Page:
- XL: The mammoth moles of Siberia were originally thought to have lived underground, although they are actually woolly mammoths. The word "mammoth" comes from the Estonian for "earth mole". The last mammoths were alive 4,000 years ago, around the time the Great Pyramid of Cheops was 1,000 years old. A company called Revive and Restore is planning re-introduce mammoths by performing genome editing with Asian elephants. It is hoped that the mammoths could help improve the environment by improving permafrost, which consumes large amounts of carbon. Sergey Zimov has created an experimental reserve in Siberia named Pleistocene Park.

- The panel are shown a picture of a skull featuring lots of sharp, pointed teeth, including one central one, and are asked what creature it is. It is the skull of the star-nosed mole, a mole that can smell in stereo, and have toxins to paralyse their pray to eat later. The star-nosed mole can dig 150 feet of new tunnels a day, the equivalent of a human moving four tonnes (about 1,000 shovel loads) every 20 minutes.

- XL Tangent: Female hyenas have penises, which they give birth through. They body has to put them to sleep in order to give birth.

- The names of the Monstrous Regiment of Women were Mary I and Mary of Guise, regent of Mary Queen of Scots. It comes from the book The First Blast of the Trumpet Against the Monstrous Regiment of Women by John Knox, a Protestant writer attack these female Catholic monarchs. "Monstrous" at the time meant "unnatural", while "regiment" meant, "regime".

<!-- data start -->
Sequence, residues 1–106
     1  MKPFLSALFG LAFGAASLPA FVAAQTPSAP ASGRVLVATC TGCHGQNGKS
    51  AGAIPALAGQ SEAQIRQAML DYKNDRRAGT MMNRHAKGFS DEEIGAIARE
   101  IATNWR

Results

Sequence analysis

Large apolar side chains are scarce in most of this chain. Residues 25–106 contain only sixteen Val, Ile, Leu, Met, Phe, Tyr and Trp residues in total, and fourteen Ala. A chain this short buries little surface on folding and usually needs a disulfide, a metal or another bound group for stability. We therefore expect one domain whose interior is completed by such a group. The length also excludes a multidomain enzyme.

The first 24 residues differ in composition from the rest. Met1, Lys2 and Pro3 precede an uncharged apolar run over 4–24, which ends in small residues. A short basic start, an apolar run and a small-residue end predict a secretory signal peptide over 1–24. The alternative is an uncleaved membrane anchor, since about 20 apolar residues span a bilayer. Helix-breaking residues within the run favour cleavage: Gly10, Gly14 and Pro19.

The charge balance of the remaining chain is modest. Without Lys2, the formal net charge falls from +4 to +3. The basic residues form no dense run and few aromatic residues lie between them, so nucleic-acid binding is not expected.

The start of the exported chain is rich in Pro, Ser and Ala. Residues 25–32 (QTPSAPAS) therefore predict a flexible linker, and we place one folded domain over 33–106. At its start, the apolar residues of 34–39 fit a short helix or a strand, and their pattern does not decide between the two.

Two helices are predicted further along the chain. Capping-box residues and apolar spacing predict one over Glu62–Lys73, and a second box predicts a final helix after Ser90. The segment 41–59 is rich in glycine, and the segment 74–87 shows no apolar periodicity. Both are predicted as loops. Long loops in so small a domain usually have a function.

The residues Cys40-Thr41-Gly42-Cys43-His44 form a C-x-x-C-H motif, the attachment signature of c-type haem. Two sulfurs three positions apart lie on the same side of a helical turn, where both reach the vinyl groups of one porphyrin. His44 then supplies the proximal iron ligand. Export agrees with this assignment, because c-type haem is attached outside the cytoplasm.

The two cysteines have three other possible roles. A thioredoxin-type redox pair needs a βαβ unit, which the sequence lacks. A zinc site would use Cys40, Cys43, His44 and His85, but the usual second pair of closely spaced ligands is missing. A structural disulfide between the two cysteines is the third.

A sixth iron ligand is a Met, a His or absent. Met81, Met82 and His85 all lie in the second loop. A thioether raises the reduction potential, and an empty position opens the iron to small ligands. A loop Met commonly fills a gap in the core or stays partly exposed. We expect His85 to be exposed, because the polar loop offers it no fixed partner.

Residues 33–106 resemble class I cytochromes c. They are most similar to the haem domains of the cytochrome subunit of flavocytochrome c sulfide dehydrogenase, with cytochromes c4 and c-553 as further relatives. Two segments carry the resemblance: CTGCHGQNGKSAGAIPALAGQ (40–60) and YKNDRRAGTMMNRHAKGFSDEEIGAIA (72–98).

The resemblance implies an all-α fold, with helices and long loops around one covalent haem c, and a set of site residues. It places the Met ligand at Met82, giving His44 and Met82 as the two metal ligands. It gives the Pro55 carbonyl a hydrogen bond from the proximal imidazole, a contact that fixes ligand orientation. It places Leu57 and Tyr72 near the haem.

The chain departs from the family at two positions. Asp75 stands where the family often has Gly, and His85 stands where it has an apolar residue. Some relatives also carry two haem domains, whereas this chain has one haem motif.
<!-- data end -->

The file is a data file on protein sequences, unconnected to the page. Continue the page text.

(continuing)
- Tangent: The husband of Mary Queen of Scots, Darnley, was murdered in an explosion. One of the presumed architects of the explosion, Archibald Douglas, left a pair of shoes at the scene of the crime, got away with the crime and later wrote an account of Mary's reaction. "She sent for a number of light ladies and women to come to Holyrood House and participate stark naked in a ball. Then they had cut off their pubic hair and had put it in puddings to be eaten by the male guests, who were sick." The person who took the wrap for the murder, and thus was hung, drawn and quartered, was the man who discovered the crime scene. His name was William Blackadder.

- Out of a foetid parachute and a hairy nuts disco, neither one is nastier than the other really. Both of these are just mushrooms. Other strange names for mushrooms include pink disco, greasy bracket, powdery piggyback, white brain, jelly ear, Verdigris navel, fragrant funnel, cinnamon jelly baby, witches' butter, slimy earth tongue, hot lips, twisted deceiver, bog cannon, and gassy night. In September 2014, mycologists from Kew Gardens analysed the DNA of a supermarket packet of porcini mushrooms, and found three species completely new to science. The Latin names for these new mushrooms translate into English as white beef liver, delicious cattle, and edible. 1,200 new species of fungi are discovered every year, and they may account for 25% of Earth's biomass. Mushrooms used to be the biggest non-animal creature on Earth. When trees and plants were no taller than three feet, mushrooms were much larger and more phallic.